The Twin Towers of the World Trade Center in New York City have symbolized for over thirty years the economic possibilities and financial robustness of the Unites States of America. The North and South Towers of the World Trade Center each stood over 1,360-feet high and together contained more office space than any other building in the world. Each massive 110-story tower enclosed more than 1-acre of office space for each of the buildings’ floors. The towers were at one point the world’s tallest during the 1970’s (10, 34).

In less than two hours on September 11, 2001, eighteen terrorists were capable of hijacking four fuel-laden aircrafts and destroying them along with the Twin Towers and a portion of the United States Pentagon. Fatalities of these horrific attacks claimed the lives of 2,823 people in or around the towers, 123 at the Pentagon, and 266 on the planes. Each of the twin towers was originally designed to withstand hurricane-force winds, earthquakes, and ironically, the impact of a Boeing 707 inadvertently colliding with one of the towers at a speed of 200 miles per hour, the average speed of an aircraft upon landing.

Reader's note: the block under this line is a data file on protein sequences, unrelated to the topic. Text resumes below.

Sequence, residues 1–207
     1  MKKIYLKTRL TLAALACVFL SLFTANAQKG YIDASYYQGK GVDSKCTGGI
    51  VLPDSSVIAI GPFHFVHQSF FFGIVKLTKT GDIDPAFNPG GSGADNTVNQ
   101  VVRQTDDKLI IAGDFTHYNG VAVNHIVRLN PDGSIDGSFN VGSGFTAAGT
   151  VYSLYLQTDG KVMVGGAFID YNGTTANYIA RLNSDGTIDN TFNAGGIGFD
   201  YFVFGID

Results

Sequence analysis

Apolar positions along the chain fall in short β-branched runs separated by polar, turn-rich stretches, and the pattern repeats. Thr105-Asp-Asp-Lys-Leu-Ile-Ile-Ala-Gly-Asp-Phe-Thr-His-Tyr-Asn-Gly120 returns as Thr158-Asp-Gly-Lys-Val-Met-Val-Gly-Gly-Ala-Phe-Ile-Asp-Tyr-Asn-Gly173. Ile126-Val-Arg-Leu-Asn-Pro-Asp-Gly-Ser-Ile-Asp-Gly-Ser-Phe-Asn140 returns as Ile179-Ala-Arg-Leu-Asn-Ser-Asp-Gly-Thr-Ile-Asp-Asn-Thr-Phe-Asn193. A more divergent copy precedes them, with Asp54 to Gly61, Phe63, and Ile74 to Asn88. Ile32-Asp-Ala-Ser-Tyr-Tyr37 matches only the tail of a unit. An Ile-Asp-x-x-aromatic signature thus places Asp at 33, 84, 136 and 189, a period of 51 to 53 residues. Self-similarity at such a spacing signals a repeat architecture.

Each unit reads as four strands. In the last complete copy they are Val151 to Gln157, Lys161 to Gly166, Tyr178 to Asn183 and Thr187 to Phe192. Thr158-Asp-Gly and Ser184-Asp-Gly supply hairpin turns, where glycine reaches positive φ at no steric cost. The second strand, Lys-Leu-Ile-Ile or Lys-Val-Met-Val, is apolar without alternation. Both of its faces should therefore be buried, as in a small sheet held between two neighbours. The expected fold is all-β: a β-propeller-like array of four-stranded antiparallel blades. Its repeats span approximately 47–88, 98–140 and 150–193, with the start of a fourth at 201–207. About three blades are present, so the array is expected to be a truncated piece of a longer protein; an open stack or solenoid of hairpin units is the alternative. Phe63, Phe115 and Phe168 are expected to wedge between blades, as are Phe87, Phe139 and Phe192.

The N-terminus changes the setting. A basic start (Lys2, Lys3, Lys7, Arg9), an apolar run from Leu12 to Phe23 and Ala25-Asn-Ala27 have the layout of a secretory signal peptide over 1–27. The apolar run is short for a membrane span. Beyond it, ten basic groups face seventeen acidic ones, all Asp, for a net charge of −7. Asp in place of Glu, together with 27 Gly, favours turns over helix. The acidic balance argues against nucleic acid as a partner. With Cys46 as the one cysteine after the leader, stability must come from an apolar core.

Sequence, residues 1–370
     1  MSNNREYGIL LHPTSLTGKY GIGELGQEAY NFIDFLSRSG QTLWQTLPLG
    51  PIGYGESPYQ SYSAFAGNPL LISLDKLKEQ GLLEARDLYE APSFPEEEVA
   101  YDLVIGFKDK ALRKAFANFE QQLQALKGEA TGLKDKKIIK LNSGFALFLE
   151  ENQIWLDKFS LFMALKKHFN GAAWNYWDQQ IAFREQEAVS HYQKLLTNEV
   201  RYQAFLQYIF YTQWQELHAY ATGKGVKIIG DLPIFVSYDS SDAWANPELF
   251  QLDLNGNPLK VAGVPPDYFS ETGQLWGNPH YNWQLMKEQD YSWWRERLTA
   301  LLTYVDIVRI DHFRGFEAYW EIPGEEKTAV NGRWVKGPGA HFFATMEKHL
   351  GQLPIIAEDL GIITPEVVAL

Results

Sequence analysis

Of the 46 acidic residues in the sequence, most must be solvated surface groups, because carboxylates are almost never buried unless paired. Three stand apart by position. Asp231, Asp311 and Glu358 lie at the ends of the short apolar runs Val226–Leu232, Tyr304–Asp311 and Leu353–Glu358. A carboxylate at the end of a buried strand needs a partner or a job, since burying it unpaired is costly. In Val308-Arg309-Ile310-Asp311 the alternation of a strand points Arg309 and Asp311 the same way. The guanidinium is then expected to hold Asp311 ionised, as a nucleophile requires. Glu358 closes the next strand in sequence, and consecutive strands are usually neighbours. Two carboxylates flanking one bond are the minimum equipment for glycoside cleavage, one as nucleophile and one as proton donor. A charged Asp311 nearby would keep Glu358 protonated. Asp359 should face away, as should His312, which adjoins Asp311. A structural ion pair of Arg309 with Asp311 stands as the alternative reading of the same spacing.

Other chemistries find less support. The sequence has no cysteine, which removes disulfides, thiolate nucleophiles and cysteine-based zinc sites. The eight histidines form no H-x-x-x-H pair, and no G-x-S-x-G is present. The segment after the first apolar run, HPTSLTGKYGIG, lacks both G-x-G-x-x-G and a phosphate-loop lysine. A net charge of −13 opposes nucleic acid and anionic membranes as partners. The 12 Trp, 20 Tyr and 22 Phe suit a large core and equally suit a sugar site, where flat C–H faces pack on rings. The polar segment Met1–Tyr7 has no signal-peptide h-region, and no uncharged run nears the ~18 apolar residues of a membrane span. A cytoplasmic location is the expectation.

The Boeing 707 was the largest commercial aircraft in the sky at the time the first tower opened in 1970. Unfortunately, the planes that destroyed the World Trade Center Towers were Boeing 767 jets fully tanked with 20,000 gallons of highly combustible jet fuel flying at speeds in excess of 500 miles per hour. Experts agree that it was the intense heat of this fuel, likely burning in excess of 850? C, and interior debris burning that ultimately caused the progressive collapse of the towers.